Rated 4 out of 5 by from The Kite Runner - A Great Novel The Kite Runner, written by Khaled Hosseini, is a novel filled with suspense and complex characters, narrarated by an Amir, an Afghan man, whose voice you can hear and picture telling you the story. Amir now living in San Francisco, thinks about his past living in Afghanistan with his boyhood friend he had betrayed. As a young child living in Kabul he was the child of a merchant, while his best friend Hassan was an ethnic minority who works as a servant with his father at Amir’s house. Although Hassan defends Amir from a bully named Assef, on the occasion that Amir sees Assef sexually assaulting Hassan he is unable to find the courage to protect him. Later, he accuses Hassan of theft forcing Baba, Amirs dad, to fire Hassan and his father from their houehold. Both Baba and Amir immgirate to the United States of Amrica when the Soviets invade Afghanistan, and they face poverty. Baba begins to develop lung cancer, but luckily lives long enough to see his son get wed to Soraya, the daughter of two other Afghan immigrants. After getting a degree in community college, Amir ends up a successful author. All is well until him and his wife come to learn that they are unable to have children. It’s fifteen years after Amir got married to Soraya, and now the present. He gets a call from Afghanistan from a person by the name of Rahim Khan, who tells Amir that Hassan had been Amirs half brother. Tragically, Hassan and his wife were killed by the Taliban, but their son Sohrab was still alive, and needed someone to look after them. Amir uses this as an opportunity to redeem himself. Amir finds Sohrab in an orphange where children are preyed upon by the Taliban who use the children for sex. At this point Sohrab is badly traumatized and attempts to suicide. Amir brings him back to San Francisco and do their best to heal him from his emotional wounds. After many years, Amir discovers a way to connect with him - flying kites, the same way him and Hassan had connected in their younger days. This page turning novel provokes you to think about life’s most interesting and important things such as friendship, good and evil, survival and redemption. The novel is an excellent method of learning about Afghan history and culture. Afghan’s terrible history was always softened because it was told through the eyes of a child. There are vivid descriptions of certain events throughout the novel, where as some events are not spoken about in detail. The lack of detail allows the reader to run with their imagination and think deeply of how things could be happening, and in fact allowing us to have a more clear mind image of what was happening. On another note, the novel was filled with clichés. However, overall I enjoyed the book. I think most people would. Although the novel is filled with uncertain twists and turns, it ends in a high note. Though the novel is filled with betrayals, lies, losses, discriminations, and thieves it reassures the idea that everyone is capable of having a happily ever after. The book is exceptional, especially seeing how it is the authors first novel, and I recommend this book for young teen readers and adults. It’s a good book to read among friends, for it provokes great discussion and thoughts to exchange afterwards. - Javana Thayaparan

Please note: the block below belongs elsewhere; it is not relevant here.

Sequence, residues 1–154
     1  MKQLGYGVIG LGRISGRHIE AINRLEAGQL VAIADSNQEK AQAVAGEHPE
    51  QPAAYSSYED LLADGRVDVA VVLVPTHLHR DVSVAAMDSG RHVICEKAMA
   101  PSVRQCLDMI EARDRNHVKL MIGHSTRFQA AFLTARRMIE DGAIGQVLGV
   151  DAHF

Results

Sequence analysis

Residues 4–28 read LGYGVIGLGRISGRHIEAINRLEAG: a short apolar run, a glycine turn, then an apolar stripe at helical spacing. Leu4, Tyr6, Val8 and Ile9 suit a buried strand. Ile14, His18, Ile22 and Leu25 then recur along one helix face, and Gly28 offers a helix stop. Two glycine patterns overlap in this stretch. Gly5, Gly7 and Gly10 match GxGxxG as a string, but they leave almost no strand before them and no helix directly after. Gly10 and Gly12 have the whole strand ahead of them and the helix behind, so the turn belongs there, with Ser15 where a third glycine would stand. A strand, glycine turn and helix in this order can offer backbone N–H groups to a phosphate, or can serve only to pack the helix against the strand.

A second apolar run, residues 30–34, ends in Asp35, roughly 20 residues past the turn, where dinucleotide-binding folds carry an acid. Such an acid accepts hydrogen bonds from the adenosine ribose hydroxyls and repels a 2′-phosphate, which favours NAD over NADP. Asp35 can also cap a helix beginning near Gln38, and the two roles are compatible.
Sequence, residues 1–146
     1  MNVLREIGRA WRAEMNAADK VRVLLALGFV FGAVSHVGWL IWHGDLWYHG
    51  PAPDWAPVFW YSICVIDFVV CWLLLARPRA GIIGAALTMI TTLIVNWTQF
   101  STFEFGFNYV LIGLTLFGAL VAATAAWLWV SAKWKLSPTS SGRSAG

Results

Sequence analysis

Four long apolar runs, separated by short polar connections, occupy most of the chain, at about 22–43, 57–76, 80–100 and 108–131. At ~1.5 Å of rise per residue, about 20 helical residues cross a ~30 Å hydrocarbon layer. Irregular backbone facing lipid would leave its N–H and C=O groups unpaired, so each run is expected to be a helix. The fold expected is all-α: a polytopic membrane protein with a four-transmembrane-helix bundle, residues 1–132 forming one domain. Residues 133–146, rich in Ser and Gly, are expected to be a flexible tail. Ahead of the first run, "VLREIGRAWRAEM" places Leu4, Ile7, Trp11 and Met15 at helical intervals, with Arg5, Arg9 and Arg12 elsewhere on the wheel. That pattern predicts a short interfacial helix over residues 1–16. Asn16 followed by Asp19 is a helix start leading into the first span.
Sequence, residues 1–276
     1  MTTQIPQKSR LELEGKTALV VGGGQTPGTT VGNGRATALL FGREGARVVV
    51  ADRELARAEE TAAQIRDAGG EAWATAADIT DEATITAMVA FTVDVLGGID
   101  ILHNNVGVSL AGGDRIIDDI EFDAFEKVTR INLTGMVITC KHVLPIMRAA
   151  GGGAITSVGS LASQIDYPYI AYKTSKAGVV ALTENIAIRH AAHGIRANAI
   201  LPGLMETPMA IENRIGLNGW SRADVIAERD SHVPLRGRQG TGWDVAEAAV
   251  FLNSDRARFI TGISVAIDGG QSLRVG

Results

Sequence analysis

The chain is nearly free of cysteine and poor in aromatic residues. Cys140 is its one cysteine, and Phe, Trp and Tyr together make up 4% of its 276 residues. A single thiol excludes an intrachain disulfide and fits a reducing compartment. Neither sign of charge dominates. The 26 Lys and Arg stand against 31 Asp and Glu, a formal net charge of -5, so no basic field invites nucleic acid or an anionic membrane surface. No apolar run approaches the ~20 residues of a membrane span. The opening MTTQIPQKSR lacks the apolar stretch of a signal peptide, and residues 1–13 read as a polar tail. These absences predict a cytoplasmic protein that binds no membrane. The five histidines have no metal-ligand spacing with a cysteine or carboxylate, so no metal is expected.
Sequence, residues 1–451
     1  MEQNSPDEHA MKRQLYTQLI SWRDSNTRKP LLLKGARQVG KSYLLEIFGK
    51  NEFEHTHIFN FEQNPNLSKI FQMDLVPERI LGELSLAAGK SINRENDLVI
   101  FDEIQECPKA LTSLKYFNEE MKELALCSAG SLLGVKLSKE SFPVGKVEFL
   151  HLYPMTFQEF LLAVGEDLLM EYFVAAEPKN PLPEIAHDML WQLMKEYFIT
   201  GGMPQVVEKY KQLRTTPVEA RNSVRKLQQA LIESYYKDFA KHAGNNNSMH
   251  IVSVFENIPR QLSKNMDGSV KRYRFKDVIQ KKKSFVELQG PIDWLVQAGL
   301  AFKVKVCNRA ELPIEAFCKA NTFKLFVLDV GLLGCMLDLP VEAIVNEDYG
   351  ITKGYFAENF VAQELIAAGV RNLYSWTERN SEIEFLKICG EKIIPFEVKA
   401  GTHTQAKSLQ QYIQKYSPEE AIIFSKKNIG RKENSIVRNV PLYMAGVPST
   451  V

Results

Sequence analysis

Date published: 2010-06-22
Rated 5 out of 5 by from really insipiring I had to read this book for english class, and I am so glad I did. When I read the back, I was like O no, a sad book. I hat reading sad books, cause I tend to cry! I don't like crying , i prefer to smile. But I sucked it up and read it anyways. Im glad I did too. This book was so amazing. It was beautifully written, and I couldn't put it down. "There is a way to be good again" a famous line in the book. It meant redemption, it was a way for the main character to change his life for the better. To be a better person and forget all the guilt he felt deep inside. I recommend this book to everyone and anyone. It was really inspiring, and I enjoyed it a lot. ( L )
Date published: 2010-05-19
Rated 4 out of 5 by from Heartbreaking read... A great story that is not always a simple read. The characters are flawed and will break your heart
Date published: 2010-05-13
Rated 5 out of 5 by from A Beautiful Book One of the best books I've read in a very long time!! So beautifully written. The author captured my interest from the first paragraph and took me along for a spine-tingling and tumultuous ride. This is a book you will not be able to put down. One to be treasured and shared for years to come.
Date published: 2010-03-12
Rated 4 out of 5 by from Enjoyed It took me a while to get into this book, but Khaled Hosseini captured a life adn story that shocked and amazed me! Great read
Date published: 2009-12-29
Rated 5 out of 5 by from Beautiful Book I never intended to read this book. But it was selected as my English class' novel for the year, so I didn't really have a choice. Ususally I don't enjoy the books we're forced to read. The Kite Runner, however, was an exception. This story is so powerful, so rich, and so moving, I dare you not to let it touch your heart. This is the story that made me fall in love with reading all over again, and the reason that English teacher is my ultimate favourite. if you're on the fence about this book, don't be. I guarantee it'll stick with you for a long time.